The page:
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Sen. Ron Wyden On Michael Flynn's Sentencing, Russia Investigation


Michael Flynn, President Trump's first national security adviser, will be sentenced in federal court in Washington, D.C., today. President Trump has already tweeted his good wishes for Flynn this morning. Flynn is charged with lying to investigators about his conversations with Russian officials during the president's transition phase shortly after the 2016 election. And this comes as we're getting more details about Russia's effort to intervene in that election. A new report prepared for the Senate Intelligence Committee shows Russia was using every major social media platform to help elect President Trump. Democratic Senator Ron Wyden of Oregon sits on the Senate Intelligence Committee and joins me this morning. Senator, thanks a lot for coming in.

RON WYDEN: Thanks for having me again.

GREENE: So Michael Flynn gets sentenced today. He's admitted he lied to the FBI about conversations he had with Russia's ambassador. Is there a larger lesson here if you had a foreign government talking to someone working on a presidential transition?

WYDEN: Well, first of all, you shouldn't be doing that. And it just seems to me that any way you slice this, Michael Flynn is an adult. He was a general. He lied to the FBI. That is now indisputable. And I'm sure there can be lots of debates about various motivations for what he's done in the last few days. Maybe he wants this to affect his sentence. Maybe he's hoping for a pardon. But to me, what everybody ought to see as their takeaway is there are real consequences for lying to the FBI, as there should be.

GREENE: Well, let's look at the Russian side of all of this. It's becoming, you know, more clear exactly what Russia was trying to do to intervene to get President Trump elected - still open questions about whether exactly they did influence. But we know they were trying to. I mean, you've had former CIA officials who have said that a lot of countries, including the United States, you know, they try to influence elections abroad. So what did Russia do here that somehow was different or crossed a line in our election in 2016?

WYDEN: What is different now is how clever the Russians and a variety of foreign adversaries have become at what's called precision targeting, and that's what they use to drive messages to African-Americans. And it comes about because now incredibly detailed information about Americans is gathered by companies, often without the permission of our consumers, and then is sold on the open market or stolen by foreign governments. So my bottom line for what we ought to go forward on is recognizing that consumer privacy has to be a top line national security issue and that this Congress has to pass - so it's enforceable by the 2020 election - that there is a tough, enforceable privacy law so that our foreign adversaries can't easily get their hands on the personal information of our people.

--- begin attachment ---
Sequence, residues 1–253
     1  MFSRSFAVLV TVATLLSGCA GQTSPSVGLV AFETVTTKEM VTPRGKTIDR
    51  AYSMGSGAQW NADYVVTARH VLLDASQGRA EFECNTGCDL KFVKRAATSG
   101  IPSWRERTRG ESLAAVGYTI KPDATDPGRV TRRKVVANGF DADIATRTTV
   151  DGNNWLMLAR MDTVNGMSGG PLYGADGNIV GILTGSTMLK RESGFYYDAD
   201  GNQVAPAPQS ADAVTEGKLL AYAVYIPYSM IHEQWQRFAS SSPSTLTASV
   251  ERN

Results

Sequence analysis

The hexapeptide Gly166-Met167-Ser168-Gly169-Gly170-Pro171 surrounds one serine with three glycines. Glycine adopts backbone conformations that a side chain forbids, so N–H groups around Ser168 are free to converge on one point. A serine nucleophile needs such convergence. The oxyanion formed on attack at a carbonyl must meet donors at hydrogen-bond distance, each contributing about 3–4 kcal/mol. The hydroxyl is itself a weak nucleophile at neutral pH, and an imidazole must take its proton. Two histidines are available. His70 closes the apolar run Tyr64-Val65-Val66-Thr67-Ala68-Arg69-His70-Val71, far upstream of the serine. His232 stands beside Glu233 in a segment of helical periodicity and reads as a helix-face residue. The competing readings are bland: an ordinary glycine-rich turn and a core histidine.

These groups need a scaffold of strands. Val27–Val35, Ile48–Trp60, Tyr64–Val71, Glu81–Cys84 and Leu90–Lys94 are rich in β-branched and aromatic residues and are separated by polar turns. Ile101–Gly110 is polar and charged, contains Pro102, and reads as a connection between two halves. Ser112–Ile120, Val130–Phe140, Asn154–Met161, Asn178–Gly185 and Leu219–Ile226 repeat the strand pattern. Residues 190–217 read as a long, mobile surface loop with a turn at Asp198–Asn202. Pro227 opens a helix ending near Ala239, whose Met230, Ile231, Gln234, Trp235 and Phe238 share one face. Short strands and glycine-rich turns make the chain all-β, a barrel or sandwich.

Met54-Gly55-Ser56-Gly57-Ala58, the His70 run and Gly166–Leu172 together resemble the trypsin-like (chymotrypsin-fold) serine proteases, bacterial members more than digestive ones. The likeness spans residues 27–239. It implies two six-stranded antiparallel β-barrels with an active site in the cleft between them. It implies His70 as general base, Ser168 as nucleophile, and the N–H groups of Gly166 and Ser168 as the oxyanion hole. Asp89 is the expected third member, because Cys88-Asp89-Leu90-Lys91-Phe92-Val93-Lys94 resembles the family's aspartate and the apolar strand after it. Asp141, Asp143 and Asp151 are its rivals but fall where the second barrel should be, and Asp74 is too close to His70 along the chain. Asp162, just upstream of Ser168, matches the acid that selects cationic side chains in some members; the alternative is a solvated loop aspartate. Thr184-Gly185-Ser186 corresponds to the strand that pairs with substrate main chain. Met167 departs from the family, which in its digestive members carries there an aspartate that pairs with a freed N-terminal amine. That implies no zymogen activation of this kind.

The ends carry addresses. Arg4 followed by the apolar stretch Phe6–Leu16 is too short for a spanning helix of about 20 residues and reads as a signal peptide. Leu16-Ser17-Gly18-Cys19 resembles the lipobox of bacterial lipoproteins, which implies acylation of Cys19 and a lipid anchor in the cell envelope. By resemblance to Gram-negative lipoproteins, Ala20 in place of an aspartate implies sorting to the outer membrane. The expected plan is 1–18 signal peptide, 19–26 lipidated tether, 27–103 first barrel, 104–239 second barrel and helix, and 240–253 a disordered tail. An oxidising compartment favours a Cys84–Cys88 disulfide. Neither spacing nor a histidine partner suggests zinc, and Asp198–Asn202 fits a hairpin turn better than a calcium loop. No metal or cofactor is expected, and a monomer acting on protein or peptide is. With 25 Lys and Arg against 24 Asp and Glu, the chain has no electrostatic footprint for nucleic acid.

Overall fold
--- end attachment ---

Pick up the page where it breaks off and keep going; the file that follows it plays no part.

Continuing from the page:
GREENE: I just want to underscore one point you made. You said that the Russians were specifically targeting African-American communities. And one thing we're learning from this report it seems is that that was an effort to get Donald Trump elected - to suppress turnout, potentially among African-Americans, who the Russians thought might have supported Hillary Clinton. That was their view. The law you're talking about, can you explain how that type of legislation, if passed, would stop that from happening?

WYDEN: Well, first of all, there's no question that the Russians wanted to help Donald Trump. This was all about using social media to get Donald Trump elected. So to me, if you pass a tough law that ensures that there isn't so much data available about African-Americans - apropos of that question you asked - and everybody else, then you reduce the universe of opportunities for our foreign adversaries to target voters. So what I do in my proposed federal law is I do - I have a do not track provision so that you, again, apropos of a specific group, you can't track them.

If they choose to say, we don't want our information used this way, then there are rules for companies to secure the data because we've all seen these enormous, you know, hacks - Target, Marriott and the like. And then finally, you've got to have - and we don't have it today - is enforcement with teeth. And that would mean that if a CEO lies to the federal government, for example, on their privacy policy with respect to African-Americans or anybody else, the CEO faces real penalties. And that would include jail time.

GREENE: Has this come too late? I mean, do you and your colleagues, lawmakers, others in the U.S. government feel that you were not keeping up with changes in the world - this rapid rise of social media? Were you outsmarted by the Russians in some ways?

WYDEN: Well, clearly, the social media companies were quite slow to understand the seriousness of the problem. For example...

GREENE: But what about policymakers and lawmakers like you?

WYDEN: Well, I have said consistently that the companies have to be more vigilant and more aggressive. I've supported them when they're right - for example, when they are - do down ranking, which makes it harder to get access to the information. And that's why I'm advocating a law that, I think, gets at the heart of this problem, which is, you shouldn't be able to get your hands on people's personal data so easily.

GREENE: Democratic Senator Ron Wyden of Oregon. Senator, thanks so much. We appreciate it.

WYDEN: Thanks for having me. Transcript provided by NPR, Copyright NPR.